Search for new data takes back seat to old problems at forum – Coastal Observer


Search for new data takes back seat to old problems at forum

Bent Tree Lane is one of the areas already included in the list of county drainage projects.

The launch of an effort to get the public’s help to identify drainage problems on the Waccamaw Neck left residents frustrated that issues they want Georgetown County to fix have yet to be addressed.

“It turned into a gripe session,” said Bob Anderson. “That’s why I got mad and left. I was frustrated.”

He serves on County Council.

Others had already left the session last week at the Waccamaw Library, including one man who didn’t stay to learn about the app engineers want the public to use to provide data.

“This has been going on for years,” he said.

The input is part of a $702,000 stormwater master plan that the county is creating for the four watersheds on Waccamaw Neck. Engineers from the county and the firm that is producing the study, Thomas & Hutton, met with about 30 residents to explain how they could provide details about specific flooding events, damaged drains and blocked pipes that would help focus the attention of the study, which is due to be completed by the end of the year.

Part of the study will be a list of recommended drainage improvements and cost estimates.

But that doesn’t mean that the county has stopped working on projects that were scheduled before the County Council agreed to create the master plan last fall. Art Baker, the county capital projects manager, said he has more than 40 projects in various stages of development.

Those include a $1.2 million project to improve the drainage at Bent Tree, a 16-lot subdivision at the corner of Martin Luther King and Parkersville roads.  Residents have seen the water lap at their front doors and damage vehicles.

Stephanie Bari, who has lived on Bent Tree Lane since 2019, said she was surprised more of her neighbors didn’t attend the meeting. She went to make sure their drainage project stayed on the county’s list.

Caroline Williamson, who lives on Beaumont Drive, said she had been trying for years to get the county to address flooding that comes through her property from Hagley.

“Art came out and looked at it – five years ago,” she said. “My land is eroding.”

A $750,000 stormwater project for the portion of Hagley that drains toward Beaumont is also on the county’s project list.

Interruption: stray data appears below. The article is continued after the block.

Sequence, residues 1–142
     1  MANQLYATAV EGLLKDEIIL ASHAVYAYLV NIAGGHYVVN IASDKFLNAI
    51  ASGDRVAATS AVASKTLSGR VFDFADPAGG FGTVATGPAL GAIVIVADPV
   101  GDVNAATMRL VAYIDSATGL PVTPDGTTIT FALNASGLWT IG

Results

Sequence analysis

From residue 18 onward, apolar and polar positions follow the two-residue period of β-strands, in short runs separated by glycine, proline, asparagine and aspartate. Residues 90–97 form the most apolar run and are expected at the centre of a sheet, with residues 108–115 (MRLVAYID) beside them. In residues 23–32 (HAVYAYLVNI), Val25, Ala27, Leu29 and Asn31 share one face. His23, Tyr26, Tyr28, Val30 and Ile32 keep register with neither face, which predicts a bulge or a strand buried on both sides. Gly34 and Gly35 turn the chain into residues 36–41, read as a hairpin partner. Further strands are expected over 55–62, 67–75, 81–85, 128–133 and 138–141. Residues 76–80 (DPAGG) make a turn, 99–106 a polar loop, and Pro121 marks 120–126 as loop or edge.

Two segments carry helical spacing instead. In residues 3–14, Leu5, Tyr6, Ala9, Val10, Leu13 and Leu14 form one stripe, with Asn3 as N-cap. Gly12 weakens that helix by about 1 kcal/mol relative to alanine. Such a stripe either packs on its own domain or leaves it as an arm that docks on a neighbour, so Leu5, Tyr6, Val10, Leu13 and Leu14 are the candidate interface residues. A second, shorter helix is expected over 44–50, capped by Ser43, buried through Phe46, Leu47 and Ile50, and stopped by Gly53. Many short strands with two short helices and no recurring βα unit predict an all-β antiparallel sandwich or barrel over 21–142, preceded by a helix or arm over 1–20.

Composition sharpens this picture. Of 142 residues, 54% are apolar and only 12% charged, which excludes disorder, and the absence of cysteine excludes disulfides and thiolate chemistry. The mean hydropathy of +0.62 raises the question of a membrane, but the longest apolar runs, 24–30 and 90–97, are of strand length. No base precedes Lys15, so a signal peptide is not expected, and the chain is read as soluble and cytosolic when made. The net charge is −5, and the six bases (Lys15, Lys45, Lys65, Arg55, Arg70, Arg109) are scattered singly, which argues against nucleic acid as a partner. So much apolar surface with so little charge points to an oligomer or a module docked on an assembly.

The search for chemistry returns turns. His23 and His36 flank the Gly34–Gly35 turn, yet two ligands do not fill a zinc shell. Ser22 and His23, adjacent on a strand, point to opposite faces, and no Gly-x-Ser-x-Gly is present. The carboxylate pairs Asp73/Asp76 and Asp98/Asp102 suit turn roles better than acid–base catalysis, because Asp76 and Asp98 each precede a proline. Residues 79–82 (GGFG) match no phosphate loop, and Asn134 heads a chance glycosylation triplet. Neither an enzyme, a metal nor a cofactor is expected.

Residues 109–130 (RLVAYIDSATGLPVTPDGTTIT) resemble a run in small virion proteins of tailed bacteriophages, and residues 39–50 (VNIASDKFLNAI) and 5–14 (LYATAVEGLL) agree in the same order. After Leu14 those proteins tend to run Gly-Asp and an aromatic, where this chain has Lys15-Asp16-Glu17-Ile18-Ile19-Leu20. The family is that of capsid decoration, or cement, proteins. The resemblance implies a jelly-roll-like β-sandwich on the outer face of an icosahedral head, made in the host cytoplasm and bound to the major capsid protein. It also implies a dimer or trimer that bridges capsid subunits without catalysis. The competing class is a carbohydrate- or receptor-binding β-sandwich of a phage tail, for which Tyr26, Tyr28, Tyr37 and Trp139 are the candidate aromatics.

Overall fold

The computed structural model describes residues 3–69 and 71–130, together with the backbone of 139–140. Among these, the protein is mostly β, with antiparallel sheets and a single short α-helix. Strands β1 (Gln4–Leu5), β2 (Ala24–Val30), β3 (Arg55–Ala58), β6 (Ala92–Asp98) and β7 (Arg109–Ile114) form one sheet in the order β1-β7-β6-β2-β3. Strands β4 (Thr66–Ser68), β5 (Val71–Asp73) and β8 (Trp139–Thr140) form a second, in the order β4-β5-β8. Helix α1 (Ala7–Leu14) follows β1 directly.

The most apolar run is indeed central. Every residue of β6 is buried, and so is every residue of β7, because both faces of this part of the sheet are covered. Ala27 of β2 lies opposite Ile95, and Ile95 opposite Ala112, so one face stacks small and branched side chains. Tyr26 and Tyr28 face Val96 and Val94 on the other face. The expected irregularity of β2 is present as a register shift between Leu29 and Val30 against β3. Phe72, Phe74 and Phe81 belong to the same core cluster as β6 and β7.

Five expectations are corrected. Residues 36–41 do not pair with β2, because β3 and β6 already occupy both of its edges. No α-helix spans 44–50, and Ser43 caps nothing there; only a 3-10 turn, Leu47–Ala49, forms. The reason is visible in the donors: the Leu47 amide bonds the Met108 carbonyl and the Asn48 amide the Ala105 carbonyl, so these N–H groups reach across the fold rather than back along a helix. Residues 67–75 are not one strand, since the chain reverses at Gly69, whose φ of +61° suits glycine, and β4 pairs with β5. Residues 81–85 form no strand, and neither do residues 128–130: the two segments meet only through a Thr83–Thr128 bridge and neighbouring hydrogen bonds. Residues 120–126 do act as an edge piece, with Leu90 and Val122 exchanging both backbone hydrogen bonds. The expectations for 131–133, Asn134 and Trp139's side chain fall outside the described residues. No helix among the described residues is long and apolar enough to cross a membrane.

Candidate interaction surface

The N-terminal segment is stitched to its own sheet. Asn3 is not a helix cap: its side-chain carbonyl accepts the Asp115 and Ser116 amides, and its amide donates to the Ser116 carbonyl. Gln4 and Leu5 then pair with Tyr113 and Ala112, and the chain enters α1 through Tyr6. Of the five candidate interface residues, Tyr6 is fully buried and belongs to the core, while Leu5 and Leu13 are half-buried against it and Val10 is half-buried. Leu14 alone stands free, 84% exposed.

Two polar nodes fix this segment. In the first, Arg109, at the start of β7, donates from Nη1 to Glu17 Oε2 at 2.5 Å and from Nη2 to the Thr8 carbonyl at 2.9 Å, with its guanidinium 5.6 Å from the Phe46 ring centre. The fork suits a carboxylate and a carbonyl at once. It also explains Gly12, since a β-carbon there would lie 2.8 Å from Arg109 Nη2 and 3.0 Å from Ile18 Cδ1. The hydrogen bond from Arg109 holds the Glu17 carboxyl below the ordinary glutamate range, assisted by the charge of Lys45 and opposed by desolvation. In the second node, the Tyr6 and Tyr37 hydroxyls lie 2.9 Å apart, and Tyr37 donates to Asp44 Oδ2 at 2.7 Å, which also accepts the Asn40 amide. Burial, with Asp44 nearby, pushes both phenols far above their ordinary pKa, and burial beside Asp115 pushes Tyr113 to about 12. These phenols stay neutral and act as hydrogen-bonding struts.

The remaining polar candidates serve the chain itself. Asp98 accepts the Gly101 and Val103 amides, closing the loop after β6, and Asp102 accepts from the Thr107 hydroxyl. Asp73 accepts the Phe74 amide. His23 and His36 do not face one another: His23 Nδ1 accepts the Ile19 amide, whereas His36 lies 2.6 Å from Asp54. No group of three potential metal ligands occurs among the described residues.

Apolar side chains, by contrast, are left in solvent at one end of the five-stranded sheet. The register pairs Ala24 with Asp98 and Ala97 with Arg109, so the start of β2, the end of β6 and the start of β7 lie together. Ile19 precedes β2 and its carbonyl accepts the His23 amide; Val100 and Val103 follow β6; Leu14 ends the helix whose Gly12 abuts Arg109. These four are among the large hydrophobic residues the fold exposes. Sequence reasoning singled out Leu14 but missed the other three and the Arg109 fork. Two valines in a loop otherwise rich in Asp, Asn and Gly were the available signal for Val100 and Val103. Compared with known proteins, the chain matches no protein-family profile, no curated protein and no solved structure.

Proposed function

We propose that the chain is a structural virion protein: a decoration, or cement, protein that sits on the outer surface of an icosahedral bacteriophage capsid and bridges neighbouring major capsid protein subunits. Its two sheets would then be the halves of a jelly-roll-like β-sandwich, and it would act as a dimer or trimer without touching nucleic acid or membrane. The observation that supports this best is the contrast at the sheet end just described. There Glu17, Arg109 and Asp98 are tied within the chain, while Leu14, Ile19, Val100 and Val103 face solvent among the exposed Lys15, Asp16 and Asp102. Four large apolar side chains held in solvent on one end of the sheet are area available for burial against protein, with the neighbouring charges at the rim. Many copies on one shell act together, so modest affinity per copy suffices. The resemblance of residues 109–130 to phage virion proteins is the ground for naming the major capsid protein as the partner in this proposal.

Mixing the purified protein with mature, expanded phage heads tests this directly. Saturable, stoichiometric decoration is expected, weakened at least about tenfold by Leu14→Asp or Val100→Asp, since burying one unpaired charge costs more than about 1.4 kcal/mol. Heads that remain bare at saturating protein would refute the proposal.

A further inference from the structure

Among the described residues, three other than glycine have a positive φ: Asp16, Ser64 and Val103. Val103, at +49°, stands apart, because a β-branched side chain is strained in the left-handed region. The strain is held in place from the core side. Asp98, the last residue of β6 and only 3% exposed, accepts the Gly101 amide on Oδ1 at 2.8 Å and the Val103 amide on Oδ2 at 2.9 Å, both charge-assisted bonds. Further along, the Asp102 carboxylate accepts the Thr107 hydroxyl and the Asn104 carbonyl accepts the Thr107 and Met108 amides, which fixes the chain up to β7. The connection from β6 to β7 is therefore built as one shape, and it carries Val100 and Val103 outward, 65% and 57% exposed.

“I didn’t realize people thought their project was going away,” said Tracy Jones, the county’s stormwater manager.

While people don’t have to use the app to ensure that an existing project stays on the list, she said that data about ongoing problems will help.

“It’s good to have people’s perspective because we’re going to be building a model,” Jones said. “We’re going to come back and show them. When you push the button, you’ll see the way the water runs.”

As of this week, a couple of dozen problems had been pinpointed on the app. The largest number were in the Hagley area.

“I’ve had calls from people in Hagley,” Anderson said. The neighborhood is part of his council district.

He told people at last week’s meeting that they should contact their council member with specific concerns about drainage projects. He wanted to keep the focus on the master plan and the need to collect data. 

“I was not a happy camper with that meeting,” he said. “I don’t think we did a good job of getting the word out.”

The master plan will identify the root cause of flooding problems and allow the county to develop mitigation projects, Anderson said. He hopes that those can be funded through a 1-cent capital projects sales tax.

The county will continue to get the word out about the app, including contacting homeowners groups, Jones said. It is scheduled to be active through August. The county staff and the consultants will look at the data collected at that point to decide if more is needed.

Sam Hodge, who lives in Murrells Inlet, said he sees both sides of the issue. He was the county’s emergency management director.

“I understand your frustration,” he told the audience last week. But the master plan is a way for the county to address larger problems with flooding rather than a “Band-Aid solution,” he added. “It takes time. I feel for you. I flood, too.”

To report drainage issues for the watershed study, go to



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